1. Halloran, Edward J. PhD, MPH, RN, FAAN


The military might just provide a way to curtail the nursing shortage.


Article Content

Many men and women enlisted in the all-volunteer military are trained in and provide nursing care, principally as medics. The training manuals they use cover the same ground that civilian nursing manuals do, and competency-based measures of performance are used to evaluate their work. A majority of medics take advanced courses in military health, and many also earn college degrees during their service. The U.S. Army alone has 13,000 medics on duty and prepares 8,000 per year as replacements and for service in the Army Reserve and National Guard. Medics who reenlist are encouraged to earn the equivalent of associate's degrees, and a few of these earn them at nursing schools in order to become RNs. My analysis of the army manual for medics leads me to believe that what they learn equals or even exceeds that of those who attend community colleges for associate's degrees in nursing and accelerated RN programs for college graduates.


In many ways, then, military medics make ideal candidates for nursing careers after leaving the armed forces, but one barrier is the requirement for would-be nurses to undertake a specific course of education to obtain licensure. West Virginia is the only state that allows discharged medics to sit for some health care practitioner examinations, including the National Council Licensure Examination-Registered Nurse (NCLEX-RN), without undergoing further training. But there's a troubling nursing shortage and an impending surge in the numbers of elderly who will need nursing care-as will the veterans returning from Iraq and Afghanistan, whom medics already cared for in the field. State legislators should take a second look at easing the way for medics to secure RN certification during or after military service.


Men encounter an additional barrier: the longstanding perception that nursing is a woman's profession. The proportion of women in medicine has been profoundly altered in the past generation, but not so that of men in nursing. The 2004 federal survey of the RN population found that only 5.8% of RNs were men. This results from the profession's use of caring philosophies that perpetuate the stereotype of women being more caring than men, as well as from the use of language that isn't gender neutral and the failure to recruit men. As a member of an undergraduate admissions committee, I see an unconscious preference being given to younger women applicants to nursing programs, with recruiting efforts being directed primarily at undergraduate women. Veterans are given preference only when they have some special skill, such as certification as an emergency medical technician or experience as a nursing assistant.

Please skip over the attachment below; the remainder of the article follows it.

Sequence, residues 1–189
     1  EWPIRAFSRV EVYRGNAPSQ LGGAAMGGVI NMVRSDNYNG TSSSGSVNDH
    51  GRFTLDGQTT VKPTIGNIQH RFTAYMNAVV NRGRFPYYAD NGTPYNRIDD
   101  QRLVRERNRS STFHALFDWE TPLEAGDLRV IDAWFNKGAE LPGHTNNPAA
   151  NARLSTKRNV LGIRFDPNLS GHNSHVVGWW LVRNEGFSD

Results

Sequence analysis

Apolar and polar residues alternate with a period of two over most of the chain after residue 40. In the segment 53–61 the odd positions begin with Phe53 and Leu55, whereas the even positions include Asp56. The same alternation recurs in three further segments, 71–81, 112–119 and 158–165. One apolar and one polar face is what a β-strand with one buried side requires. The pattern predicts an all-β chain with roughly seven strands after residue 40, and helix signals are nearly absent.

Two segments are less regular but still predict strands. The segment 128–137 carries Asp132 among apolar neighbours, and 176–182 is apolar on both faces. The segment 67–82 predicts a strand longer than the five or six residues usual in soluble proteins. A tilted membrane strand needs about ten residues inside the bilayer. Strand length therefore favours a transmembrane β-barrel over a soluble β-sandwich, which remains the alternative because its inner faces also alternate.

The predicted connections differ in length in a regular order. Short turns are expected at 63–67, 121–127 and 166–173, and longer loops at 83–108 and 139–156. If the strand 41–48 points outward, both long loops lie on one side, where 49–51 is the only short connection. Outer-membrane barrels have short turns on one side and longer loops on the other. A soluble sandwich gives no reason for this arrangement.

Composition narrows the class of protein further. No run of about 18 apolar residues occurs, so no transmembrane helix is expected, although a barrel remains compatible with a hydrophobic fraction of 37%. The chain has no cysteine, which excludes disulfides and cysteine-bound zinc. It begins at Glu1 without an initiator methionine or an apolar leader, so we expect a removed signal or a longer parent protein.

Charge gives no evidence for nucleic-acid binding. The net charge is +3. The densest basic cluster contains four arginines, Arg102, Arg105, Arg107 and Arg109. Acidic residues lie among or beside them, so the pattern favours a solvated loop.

Figure. Edward J. Ha... - Click to enlarge in new window J. Halloran

Men have always nursed sick and wounded troops. Members of the armed forces receive nursing services from both medics and nurses, and for the past 100 years, military nurse corps officers have educated and supervised enlisted medics. The improved training of medics has produced a large number of well-trained and experienced enlisted personnel who now have the equivalent of technical nurse preparation.


I don't see military medics or men as a panacea for what ails the nursing profession. What I do see is a ready supply of trained personnel who could help to lessen the shortage of nurses if the barriers that face them could be broken down in the interest of serving us all.


For the first time, beginning in 2011, all the service branches will train all medics together at Fort Sam Houston in Texas. Why not tweak their education to increase the nursing and medical science components and orient it toward giving medics the skills they'll need for later certification as RNs? Since Florence Nightingale described military men as the worst nurses in 1863, veterans have routinely been discouraged from pursuing the occupation. But isn't it time for a change?